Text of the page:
Taiwan Day Trip: Shifen Waterfall, Shifen Old Town, and Juifen

After over 8 weeks of traveling, I couldn’t believe that today was the last (full) day. As excited as I was to be returning home to those I had been missing, I was ready to take advantage of my last hours in Taiwan and check off a few more destinations on my list.

Grand Hotel

The first stop of the day was the Grand Hotel, an iconic landmark of Taiwan and the host to many foreign dignitaries. Aptly named for being grand, both the outside and inside decor were ornate and fancy. We walked the mezzanine and browsed in and out of the jewelry and jade shops.

image from xdgrace

After the hotel, it was back to Food Republic where we munched on hot, fried karaage and sipped on pearl ice tea. I’m really going to miss all of the delicious snacks and drinks of Asia when I return home. 🙁

Shifen Waterfall

A catnap later, it was time for the main part of our day- a self-guided tour to several cities located to the East of Taipei. We hired a cab for 600NT ($20) / hr. and prayed that Google Translate would be sufficient  for us to communicate when needed. Our first stop was Shifen Waterfall. I had seen stunning pictures of this waterfall online and was excited to practice some slow shutter photography. Our driver dropped us off at the entrance of the falls, but we had to walk through a small marketplace and over a few bridges to reach the main viewpoint. The waterfall didn’t have nearly as much water as the pictures online, but I still had a great time snapping photos and looking at all the food for sale.

Shifen Waterfall

Shifen Old Town

After the falls, we retraced our steps through the small town, found our taxi driver, and soon were driving to our next destination, Shifen Old Town. Located right next to train tracks, we found a bustling area filled with people decorating paper lanterns and merchants selling food.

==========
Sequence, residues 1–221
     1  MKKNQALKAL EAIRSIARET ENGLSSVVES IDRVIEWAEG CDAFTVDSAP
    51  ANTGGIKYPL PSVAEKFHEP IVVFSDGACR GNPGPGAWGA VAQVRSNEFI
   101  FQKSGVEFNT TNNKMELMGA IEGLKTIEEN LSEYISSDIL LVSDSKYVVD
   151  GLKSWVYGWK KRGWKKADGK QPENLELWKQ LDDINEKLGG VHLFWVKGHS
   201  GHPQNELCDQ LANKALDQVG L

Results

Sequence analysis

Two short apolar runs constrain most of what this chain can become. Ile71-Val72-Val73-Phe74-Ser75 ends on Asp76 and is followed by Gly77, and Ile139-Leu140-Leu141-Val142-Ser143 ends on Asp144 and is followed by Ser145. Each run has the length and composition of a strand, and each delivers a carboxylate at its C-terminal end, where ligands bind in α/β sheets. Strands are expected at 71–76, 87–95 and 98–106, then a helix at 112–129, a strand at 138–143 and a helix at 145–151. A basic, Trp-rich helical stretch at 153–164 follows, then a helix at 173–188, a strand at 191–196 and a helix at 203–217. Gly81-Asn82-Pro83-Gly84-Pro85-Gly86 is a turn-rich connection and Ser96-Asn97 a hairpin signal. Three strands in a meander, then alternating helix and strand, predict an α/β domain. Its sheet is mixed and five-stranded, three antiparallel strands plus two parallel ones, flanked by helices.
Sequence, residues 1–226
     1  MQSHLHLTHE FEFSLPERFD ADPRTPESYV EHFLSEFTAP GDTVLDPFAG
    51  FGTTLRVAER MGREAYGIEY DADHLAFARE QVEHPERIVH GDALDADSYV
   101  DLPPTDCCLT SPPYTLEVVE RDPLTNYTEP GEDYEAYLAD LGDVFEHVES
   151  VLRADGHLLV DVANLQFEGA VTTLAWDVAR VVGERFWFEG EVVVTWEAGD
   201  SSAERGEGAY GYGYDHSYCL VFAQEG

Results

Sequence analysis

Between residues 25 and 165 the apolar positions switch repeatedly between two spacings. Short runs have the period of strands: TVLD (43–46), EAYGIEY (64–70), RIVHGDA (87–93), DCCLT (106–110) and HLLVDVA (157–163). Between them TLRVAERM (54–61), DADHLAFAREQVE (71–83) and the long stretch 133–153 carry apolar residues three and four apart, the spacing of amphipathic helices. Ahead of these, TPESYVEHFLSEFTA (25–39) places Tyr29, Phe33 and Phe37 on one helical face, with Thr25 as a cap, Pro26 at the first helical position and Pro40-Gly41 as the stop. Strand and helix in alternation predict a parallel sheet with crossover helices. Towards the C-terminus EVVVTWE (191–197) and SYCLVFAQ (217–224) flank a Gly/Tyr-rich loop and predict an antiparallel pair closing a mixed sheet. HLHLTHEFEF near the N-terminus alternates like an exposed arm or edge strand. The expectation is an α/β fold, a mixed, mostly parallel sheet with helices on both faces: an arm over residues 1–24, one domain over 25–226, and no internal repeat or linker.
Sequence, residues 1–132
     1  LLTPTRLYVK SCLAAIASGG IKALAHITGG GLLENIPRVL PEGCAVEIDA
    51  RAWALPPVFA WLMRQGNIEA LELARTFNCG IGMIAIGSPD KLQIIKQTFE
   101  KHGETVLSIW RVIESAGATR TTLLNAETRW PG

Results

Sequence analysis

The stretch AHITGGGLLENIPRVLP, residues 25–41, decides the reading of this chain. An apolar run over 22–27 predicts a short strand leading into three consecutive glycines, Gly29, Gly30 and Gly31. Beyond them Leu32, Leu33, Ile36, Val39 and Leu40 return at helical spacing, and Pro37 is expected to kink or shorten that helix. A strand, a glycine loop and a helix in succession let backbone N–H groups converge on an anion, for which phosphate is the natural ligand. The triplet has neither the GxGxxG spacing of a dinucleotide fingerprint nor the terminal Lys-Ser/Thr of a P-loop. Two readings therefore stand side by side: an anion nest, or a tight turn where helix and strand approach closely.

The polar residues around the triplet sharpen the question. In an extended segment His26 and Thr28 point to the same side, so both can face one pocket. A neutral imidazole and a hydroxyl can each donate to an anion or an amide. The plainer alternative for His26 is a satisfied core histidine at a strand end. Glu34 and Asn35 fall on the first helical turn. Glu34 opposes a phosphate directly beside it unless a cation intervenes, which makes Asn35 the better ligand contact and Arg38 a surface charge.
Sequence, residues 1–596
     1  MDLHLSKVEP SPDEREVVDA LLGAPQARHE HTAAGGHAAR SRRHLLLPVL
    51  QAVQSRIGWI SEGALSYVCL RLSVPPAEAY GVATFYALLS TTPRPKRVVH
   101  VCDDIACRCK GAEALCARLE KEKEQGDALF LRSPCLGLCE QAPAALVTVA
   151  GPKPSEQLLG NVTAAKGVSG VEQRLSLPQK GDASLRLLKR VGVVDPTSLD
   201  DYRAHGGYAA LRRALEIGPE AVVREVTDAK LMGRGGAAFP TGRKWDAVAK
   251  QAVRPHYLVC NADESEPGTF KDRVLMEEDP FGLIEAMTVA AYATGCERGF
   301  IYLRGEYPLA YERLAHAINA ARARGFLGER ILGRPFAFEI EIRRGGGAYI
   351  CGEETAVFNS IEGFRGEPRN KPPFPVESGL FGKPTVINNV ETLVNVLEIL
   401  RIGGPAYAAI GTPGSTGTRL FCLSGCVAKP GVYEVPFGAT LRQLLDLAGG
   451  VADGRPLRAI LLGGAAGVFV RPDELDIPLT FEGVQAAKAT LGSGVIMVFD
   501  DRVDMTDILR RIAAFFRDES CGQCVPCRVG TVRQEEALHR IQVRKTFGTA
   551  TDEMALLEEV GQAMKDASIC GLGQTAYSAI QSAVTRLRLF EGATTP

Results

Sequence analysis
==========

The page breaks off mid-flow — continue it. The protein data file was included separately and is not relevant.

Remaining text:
I was excited to see the paper lanterns and eager to decorate one myself. After choosing our paper color (pink for happiness), we were set up at a small station complete with a fat paintbrush, a bucket of ink, and a frame that our lantern was clipped to.

There were four sides to decorate so Mom and I took turns writing wishes for the future, memories, love for our family, hopes for safe travels, and so on. Mom even whipped out some of her Chinese writing skills!

It was fun painting with the thick hair brush, but definitely a little tricky! When we finished our masterpiece, the vendors helped unclip it from the metal frame, took photos of us with each of the decorated sides, and then lit the inside of the lantern.

Decorated Sky Lantern!

We had to wait for the wind to quiet down to reduce the chance that our lit lantern would set a nearby wooden building on fire, but soon our pink lantern was floating in the sky and joined by tens of other colorful globes. Part of me wondered what happened to the lanterns once they burned out…. did someone scour the nearby forest and collect them? Or where they left where they lay…?

Jiufen Old Street

Once our lantern was off into the distance, we walked along the train tracks to exit the small town. From there our taxi driver took us to our next destination, Jiufen Old Street. We drove up a looong hill to get to this street, by this time night was starting to fall. Looking down at the world below, we could see the clouds covering a scenery of water and lights.